Victoria State Election 2022: Date, key seats, candidates, issues and everything you need to know


The Victorian election takes place on Saturday November 26, when Victorians will decide if Daniel Andrews receives a third mandate or if the Coalition takes the reins.
It will be the first time Victorians have had a say in government since the COVID-19[feminine] pandemic, when the state nearly claimed the title of the world’s most locked down city.
It will also be the first time votes have been cast since the Liberals were ousted in the federal election in May, with a new movement of “teal independents” have a significant influence on the outcome in Victoria.
Daniel Andrews and Matthew Guy are vying for the premiership of Victoria for the next term. (New)

Here’s what you need to know before Election Day.

Election day is Saturday, November 26. Voting centers will be open from 8 a.m. to 6 p.m.

Postal voting will open on Wednesday 2 November.

Victorians must be properly registered to vote by 8 p.m. on Tuesday, November 8. You must register to vote if you are an Australian citizen, are 18 years of age or older and have lived in Victoria for more than a month. You must register within 21 days of becoming eligible to vote. You can register to vote here.

Early voting opens Monday, November 14.

Postal voting will end at 6 p.m. on Wednesday, November 23.

Here are some of the seats that will be in the spotlight this election.

Located in the eastern suburbs of Melbourne, the seat is currently held by Liberal Party MP Tim Smith, with a margin of just 0.43%.

People cast their votes during early voting for Wentworth's seat at Oxford Street Mall on May 20, 2022 in Sydney, Australia.  Independent Allegra Spender is running for the Wentworth seat against Liberal incumbent Dave Sharma.  The Australian federal election will take place on Saturday, May 21, 2022. (Photo by Brook Mitchell/Getty Images)
Election day will be Saturday, November 26. (Getty)

The Liberals shortlisted Jess Wilson, a former adviser to former treasurer Josh Frydenberg.

She will run against Turquoise candidate Sophie Torney, who is a project manager with a computer background, and Labor candidate Lucy Skelton, who is the founder of the youth advocacy platform, the Student Voice Network.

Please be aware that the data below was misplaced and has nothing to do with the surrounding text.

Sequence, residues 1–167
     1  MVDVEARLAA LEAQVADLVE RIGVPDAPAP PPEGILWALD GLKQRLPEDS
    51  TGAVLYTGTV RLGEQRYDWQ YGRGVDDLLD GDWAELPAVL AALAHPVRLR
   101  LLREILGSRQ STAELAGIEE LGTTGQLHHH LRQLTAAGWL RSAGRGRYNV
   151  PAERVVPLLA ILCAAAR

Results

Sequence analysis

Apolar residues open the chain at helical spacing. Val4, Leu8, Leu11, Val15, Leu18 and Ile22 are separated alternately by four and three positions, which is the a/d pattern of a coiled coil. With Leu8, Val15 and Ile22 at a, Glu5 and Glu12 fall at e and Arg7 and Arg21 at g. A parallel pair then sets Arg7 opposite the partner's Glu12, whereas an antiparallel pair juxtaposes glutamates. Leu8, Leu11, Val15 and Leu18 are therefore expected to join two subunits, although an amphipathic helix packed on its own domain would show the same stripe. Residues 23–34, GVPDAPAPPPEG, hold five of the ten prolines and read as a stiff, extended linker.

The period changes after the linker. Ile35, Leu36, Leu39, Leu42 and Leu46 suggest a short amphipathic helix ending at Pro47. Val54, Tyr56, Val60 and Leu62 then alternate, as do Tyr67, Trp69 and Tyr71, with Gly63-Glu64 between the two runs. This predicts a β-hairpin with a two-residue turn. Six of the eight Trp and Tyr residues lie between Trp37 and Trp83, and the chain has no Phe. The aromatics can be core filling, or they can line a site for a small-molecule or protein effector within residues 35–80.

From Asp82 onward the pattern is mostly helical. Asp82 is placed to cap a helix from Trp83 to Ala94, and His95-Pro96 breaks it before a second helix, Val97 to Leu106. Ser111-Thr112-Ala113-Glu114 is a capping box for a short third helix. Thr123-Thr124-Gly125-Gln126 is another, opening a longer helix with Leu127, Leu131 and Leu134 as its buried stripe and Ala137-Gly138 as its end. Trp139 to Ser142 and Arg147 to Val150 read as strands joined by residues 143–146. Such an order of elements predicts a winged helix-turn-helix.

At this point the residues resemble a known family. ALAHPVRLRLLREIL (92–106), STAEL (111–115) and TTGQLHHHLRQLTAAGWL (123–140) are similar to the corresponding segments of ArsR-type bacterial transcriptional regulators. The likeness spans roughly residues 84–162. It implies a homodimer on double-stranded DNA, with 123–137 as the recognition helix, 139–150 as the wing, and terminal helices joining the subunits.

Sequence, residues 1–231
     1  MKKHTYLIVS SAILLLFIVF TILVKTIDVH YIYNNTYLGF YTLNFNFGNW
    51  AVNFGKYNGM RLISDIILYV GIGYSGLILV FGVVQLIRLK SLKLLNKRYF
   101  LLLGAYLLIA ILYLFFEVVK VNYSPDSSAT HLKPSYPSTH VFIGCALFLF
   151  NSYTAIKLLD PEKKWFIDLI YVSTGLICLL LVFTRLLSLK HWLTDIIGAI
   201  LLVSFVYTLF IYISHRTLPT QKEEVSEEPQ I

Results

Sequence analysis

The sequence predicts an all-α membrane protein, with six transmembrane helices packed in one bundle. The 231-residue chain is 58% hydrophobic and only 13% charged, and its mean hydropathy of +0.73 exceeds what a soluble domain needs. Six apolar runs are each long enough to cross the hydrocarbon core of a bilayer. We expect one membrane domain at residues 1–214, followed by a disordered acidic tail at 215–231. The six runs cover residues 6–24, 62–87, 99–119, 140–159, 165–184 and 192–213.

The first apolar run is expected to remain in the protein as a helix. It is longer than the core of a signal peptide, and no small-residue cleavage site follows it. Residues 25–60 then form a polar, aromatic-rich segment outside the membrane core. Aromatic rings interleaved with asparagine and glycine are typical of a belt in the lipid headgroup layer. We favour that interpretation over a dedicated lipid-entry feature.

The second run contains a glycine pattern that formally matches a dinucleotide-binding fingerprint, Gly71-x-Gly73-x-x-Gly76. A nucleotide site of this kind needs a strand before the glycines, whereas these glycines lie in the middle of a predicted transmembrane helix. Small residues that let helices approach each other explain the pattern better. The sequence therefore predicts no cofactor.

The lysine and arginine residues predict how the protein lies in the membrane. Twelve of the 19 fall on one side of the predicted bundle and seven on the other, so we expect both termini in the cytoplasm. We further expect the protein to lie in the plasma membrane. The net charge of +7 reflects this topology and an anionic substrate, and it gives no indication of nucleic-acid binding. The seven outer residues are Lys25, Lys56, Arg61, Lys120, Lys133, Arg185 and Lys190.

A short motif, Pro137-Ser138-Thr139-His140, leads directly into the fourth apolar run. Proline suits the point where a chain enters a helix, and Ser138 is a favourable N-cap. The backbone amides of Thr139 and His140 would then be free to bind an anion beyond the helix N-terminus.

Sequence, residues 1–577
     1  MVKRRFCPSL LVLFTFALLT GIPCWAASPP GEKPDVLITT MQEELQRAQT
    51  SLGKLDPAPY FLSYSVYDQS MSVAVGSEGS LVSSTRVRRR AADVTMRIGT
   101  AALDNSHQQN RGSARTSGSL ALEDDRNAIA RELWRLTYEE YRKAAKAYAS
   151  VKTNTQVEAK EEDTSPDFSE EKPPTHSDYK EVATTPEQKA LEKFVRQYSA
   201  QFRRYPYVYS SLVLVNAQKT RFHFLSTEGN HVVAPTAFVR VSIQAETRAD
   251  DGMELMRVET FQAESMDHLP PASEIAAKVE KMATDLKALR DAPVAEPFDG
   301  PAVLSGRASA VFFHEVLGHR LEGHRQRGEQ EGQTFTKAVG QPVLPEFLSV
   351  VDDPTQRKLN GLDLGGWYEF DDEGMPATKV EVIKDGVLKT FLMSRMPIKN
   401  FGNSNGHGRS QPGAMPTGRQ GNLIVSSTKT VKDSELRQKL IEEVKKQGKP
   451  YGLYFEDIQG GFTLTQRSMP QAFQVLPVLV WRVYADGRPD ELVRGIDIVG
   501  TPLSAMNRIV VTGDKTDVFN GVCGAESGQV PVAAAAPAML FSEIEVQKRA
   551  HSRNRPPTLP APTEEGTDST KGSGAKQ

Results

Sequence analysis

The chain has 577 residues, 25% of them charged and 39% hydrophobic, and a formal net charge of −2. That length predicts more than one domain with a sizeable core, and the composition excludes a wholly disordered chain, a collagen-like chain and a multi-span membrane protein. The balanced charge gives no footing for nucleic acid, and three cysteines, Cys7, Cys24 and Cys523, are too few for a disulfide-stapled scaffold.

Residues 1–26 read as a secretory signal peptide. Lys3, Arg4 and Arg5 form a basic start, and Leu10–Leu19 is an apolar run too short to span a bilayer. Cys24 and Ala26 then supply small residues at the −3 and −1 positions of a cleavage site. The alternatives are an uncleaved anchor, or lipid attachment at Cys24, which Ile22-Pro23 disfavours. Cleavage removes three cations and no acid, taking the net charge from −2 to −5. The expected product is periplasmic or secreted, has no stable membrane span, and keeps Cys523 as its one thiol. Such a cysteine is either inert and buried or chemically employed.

It is the second smallest electorate in the state, sitting in Melbourne’s central east.

Currently held by Labor MP Richard Wynne with a 5.46% margin, the seat has been contested by the Greens for more than a decade.

With Wynne retiring, Labor has shortlisted former staffer Lauren O’Dwyer who will face Greens candidate Gabrielle de Vietri, who is the former mayor of Yarra City Council.

The rural constituency of Ripon is located west of Ballarat and Bendigo and covers the towns of Creswick, Aarat, Maryborough, Avoca and Stawell.

Incumbent MP Louise Staley holds the seat by a very slim margin of 0.02%, having narrowly won the seat by 15 votes in 2018.

She will run against Labor candidate Martha Haylett, who is a former employee of Andrews.

Covering the suburbs of Hawthorn, Hawthorn East, Canterbury, Camberwell and Surrey Hills is held by Labor MP John Kennedy with a margin of 0.42%.

Kennedy upset the last election by defeating Victoria Attorney General John Pesutto in the 2018 election.

Pesutto will be back against Kennedy and independent Melissa Lowe.

In Melbourne’s outer southeast, the Pakenham seat is one of nine new seats created after the electoral commissions redrew constituency boundaries.

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Pakenham was previously contained at Bass while Pakenhamm Upper was at Gembrook.

Located in Victoria’s far North West, the seat is currently held by Independent MP Ali Cupper by a slim margin of 0.34%.

The seat was previously a Nationals stronghold, and the Nationals shortlisted Swan Hill Mayor Jade Benham.

Traditionally a Labor seat, Northcote’s electorate is in Melbourne’s inner north.

The seat is held by Labor MP Kat Theophanous, with a slim margin of 1.71%, and is under threat from the Greens.

Theophanous will face Greens candidate Campbell Gome.

The latest health care performance data in Victoria has revealed explosions in ambulance and hospital wait times.
The latest health care performance data in Victoria has revealed explosions in ambulance and hospital wait times. (9News)

Plans for Victoria’s health system will be a major factor in this election after months of the state struggling through what has repeatedly been called a ‘serious health crisis’.

The cost of living is also expected to be top of mind for voters as prices continue to rise.

Following the COVID-19 pandemic, government debt levels and support for small businesses are also expected to be key issues.

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